Cardamom Cookies

What is it about a plate piled high with cookies that is so hard to resist? I certainly can’t resist.  Apparently neither can my family, who ate four bags worth of cookies in two days when I brought them the results of last weeks recipe testing.   I had just spent the previous week working to find just the right cookie for dipping into chai. I’ve actually been searching for the perfect chai cookie recipe for the past two years and I think I finally found it.

My fixation for the perfect chai cookie started on my first visit to India.  We had been married in the US and flew to India for a wedding reception.  Our month-long trip turned into my new family taking their son and his new bride to visit every person they knew. I kid you not, one day we must have visited five different homes.

At the time, I didn’t know a word of Hindi…who am I kidding, I still hardly know any Hindi…so these “house visits” consisted of my sitting in a strangers house, trying desperately to look like I actually understood the unrecognizable conversation that was happening around me.  After ten minutes, when my attention would start to drift and I was in danger of appearing bored, our hostess would walk out with a tray of cups brimming with chai and a plate lined with little cookies.  This was always the part of the trip I looked forward to the most. It was the only aspect of the visit I could fully appreciate without a translator.  Needless to say, after I came back home from that first trip, it was hard to kick the cookie habit.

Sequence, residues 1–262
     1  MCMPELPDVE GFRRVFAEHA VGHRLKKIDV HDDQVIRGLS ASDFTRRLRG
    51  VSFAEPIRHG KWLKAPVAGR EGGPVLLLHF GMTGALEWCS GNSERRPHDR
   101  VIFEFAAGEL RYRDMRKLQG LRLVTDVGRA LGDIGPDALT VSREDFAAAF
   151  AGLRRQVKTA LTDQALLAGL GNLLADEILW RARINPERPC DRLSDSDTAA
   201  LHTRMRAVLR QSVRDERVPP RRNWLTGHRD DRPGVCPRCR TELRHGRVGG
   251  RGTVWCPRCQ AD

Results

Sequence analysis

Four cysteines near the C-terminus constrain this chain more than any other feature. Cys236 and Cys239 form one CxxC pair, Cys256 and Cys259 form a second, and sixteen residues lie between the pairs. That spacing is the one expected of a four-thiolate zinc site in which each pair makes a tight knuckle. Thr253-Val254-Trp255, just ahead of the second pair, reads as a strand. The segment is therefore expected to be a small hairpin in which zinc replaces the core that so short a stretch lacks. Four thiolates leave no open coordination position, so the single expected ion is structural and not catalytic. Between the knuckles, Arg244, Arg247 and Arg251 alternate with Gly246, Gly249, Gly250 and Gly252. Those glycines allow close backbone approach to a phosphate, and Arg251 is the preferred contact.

Indian cookies have such unusual flavors.  I’m used to vanilla and chocolate cookies.  With Indian cookies you get flavors like orange, pistachio and almond.  I’ve even seen rose flavored cookies. My favorite flavor when it comes to “dipping” cookies…or biscuits as they are called in India…is cardamom.

So what makes a great “dunking” cookie? A great tea cookie should be subtle in flavor so it doesn’t compete with the chai, yet easily enjoyed on it’s own.  It also can’t crumble away or become soggy when dunked, but it should also be soft and flaky.   Want to find out how good it is?  Let’s get baking…

 

Cardamom Cookie Recipe

adapted from: Cook’s Country “Melting Moments” cookies